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Chair(s)

  • Professor Shujun Zhang

    Editor-in-Chief of Microstructures
    Institute for Superconducting and Electronic Materials, AIIM, University of Wollongong, Wollongong, New South Wales, Australia.

Speaker(s)

  • Professor Lianzhou Wang

    Nanomaterials Centre, School of Chemical Engineering and Australian Institute for Bioengineering and Nanotechnology, The University of Queensland, St Lucia, QLD, Australia.

    Lianzhou Wang is Professor and Australian Research Council (ARC) Australian Laureate Fellow in School of Chemical Engineering, Director of Nanomaterials Centre (Nanomac), and Senior Group Leader of Australian Institute for Bioengineering and Nanotechnology (AIBN), The University of Queensland. His research focuses on the synthesis and application of semiconductor nanomaterials for use in renewable energy conversion/storage systems including photocatalytsts for solar hydrogen production, rechargeable batteries and low cost solar cells. Prof. Wang has contributed more than 500 journal publications (including top ranking journals such as Science, Nature Energy, Angew. Chem., Adv. Mater., J. Am Chem. Soc., etc.), filed 18 patents and delivered over 100 plenary/keynote/invited presentations. His publications have received >39,000 citations with a H-index of 108 (Google Scholar). Prof. Wang is serving as Associate Editor/Editorial Board member of more than six international journals including Advanced Materials, Science Bulletin and Microstructures. He is named on the list of the Clarivate' Highly Cited Researchers and is the elected fellow of Royal Society of Chemistry and Academia Europaea.

Introduction

Semiconductor materials hold the keys for efficient solar energy harvesting and conversion processes like photocatalysis and photoelectrochemical reactions. In this talk, we will give a brief overview of our recent progress in designing semiconductor nanomaterials for photoelectrochemical energy conversion including solar hydrogen generation and low-cost solar cells. In more details, we have been focusing on a few aspects; 1) photocatalysis mechanism, light harvesting, charge separation and transfer and surface reaction engineering of low-cost metal oxide based semiconductors including TiO2, BiVO4 as efficient photoelectrode for photoelectrochemical hydrogen production; 2) the working mechanism and stability improvement of perovskite quantum dots for both high efficient solar cells and photocatalytic hydrogen production; 3). The design of ultra-stable composites of perovskite-MOF with improved light emitting performance. The resultant material systems exhibited efficient photocatalytic performance and improved power conversion efficiency in solar cells, which underpin sustainable development of solar-energy conversion application.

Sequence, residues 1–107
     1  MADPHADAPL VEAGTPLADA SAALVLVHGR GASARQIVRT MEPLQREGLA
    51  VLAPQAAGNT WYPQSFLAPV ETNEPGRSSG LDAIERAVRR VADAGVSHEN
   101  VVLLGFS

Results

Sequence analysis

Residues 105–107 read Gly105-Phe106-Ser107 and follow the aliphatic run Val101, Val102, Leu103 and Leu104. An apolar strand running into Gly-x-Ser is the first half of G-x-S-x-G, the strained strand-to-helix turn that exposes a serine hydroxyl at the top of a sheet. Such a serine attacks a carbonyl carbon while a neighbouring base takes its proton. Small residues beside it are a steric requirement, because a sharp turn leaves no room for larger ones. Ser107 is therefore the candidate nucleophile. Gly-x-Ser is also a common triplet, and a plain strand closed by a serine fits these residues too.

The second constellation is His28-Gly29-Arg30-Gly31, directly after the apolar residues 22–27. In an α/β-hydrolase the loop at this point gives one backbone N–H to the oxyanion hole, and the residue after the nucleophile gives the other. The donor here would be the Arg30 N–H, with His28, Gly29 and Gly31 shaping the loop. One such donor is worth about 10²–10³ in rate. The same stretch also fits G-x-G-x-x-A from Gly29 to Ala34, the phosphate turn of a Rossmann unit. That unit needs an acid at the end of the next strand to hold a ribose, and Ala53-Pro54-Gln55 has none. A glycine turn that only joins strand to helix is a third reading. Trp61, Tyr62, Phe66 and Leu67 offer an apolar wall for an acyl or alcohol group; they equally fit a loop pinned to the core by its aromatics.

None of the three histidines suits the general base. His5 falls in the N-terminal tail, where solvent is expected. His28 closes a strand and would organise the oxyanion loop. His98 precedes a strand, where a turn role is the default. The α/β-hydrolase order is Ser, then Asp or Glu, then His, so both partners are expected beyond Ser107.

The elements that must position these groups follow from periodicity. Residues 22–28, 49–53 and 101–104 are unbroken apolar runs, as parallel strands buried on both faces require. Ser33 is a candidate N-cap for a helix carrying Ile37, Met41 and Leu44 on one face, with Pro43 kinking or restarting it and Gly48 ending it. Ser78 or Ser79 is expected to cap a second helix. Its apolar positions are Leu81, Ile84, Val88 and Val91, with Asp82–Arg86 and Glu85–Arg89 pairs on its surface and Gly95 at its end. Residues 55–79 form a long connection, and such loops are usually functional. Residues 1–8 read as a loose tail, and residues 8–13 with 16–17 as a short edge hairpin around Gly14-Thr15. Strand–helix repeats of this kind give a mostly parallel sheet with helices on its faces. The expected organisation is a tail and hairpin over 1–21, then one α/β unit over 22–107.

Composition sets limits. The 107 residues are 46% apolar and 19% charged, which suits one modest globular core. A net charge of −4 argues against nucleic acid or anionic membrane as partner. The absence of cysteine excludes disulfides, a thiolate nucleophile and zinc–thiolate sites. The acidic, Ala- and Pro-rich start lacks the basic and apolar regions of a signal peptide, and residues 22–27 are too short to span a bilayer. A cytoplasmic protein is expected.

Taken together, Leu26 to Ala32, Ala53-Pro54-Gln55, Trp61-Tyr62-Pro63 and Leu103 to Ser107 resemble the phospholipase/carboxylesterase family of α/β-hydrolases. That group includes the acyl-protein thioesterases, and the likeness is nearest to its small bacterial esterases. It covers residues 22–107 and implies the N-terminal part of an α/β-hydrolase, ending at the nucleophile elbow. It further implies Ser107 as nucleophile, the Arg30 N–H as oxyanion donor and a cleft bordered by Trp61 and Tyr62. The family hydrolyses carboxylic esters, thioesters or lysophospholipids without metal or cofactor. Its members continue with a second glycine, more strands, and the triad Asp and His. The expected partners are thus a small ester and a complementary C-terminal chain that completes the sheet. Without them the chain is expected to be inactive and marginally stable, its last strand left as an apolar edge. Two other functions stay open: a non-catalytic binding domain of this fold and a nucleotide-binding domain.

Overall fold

Presentation

  • Semiconductor Nanomaterials for Solar Energy Conversion Part 1 Introduction of Microstructures
  • Semiconductor Nanomaterials for Solar Energy Conversion Part 2 Report
  • Semiconductor Nanomaterials for Solar Energy Conversion Part 3 Discussion

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